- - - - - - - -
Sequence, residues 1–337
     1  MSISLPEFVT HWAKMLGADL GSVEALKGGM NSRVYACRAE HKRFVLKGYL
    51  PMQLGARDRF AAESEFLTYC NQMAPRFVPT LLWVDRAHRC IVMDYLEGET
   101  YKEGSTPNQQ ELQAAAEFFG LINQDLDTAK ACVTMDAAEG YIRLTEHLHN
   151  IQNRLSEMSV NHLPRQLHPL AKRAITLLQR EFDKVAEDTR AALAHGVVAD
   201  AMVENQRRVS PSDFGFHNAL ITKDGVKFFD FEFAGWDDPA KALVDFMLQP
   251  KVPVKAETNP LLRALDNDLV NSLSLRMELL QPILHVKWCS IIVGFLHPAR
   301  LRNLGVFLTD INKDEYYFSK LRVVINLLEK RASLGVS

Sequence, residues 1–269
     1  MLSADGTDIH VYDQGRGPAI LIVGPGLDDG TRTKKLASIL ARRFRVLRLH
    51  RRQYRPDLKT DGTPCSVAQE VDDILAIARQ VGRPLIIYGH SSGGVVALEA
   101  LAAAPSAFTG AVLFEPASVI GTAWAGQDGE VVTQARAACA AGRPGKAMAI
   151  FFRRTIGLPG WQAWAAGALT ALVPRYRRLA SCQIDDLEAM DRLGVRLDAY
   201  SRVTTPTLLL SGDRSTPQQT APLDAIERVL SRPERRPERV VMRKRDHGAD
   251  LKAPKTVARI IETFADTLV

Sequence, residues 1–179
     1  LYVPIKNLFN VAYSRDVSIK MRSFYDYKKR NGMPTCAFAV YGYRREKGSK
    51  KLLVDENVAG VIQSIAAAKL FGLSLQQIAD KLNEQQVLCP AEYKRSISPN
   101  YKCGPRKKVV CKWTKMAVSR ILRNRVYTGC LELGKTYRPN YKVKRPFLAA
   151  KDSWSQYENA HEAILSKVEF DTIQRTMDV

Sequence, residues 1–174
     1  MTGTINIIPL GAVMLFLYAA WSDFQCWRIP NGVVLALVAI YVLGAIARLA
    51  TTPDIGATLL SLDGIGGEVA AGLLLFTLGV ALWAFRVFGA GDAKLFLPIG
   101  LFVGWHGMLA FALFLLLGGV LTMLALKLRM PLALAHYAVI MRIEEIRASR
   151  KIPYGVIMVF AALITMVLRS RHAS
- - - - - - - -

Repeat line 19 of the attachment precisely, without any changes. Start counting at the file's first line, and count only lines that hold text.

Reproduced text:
   101  YKCGPRKKVV CKWTKMAVSR ILRNRVYTGC LELGKTYRPN YKVKRPFLAA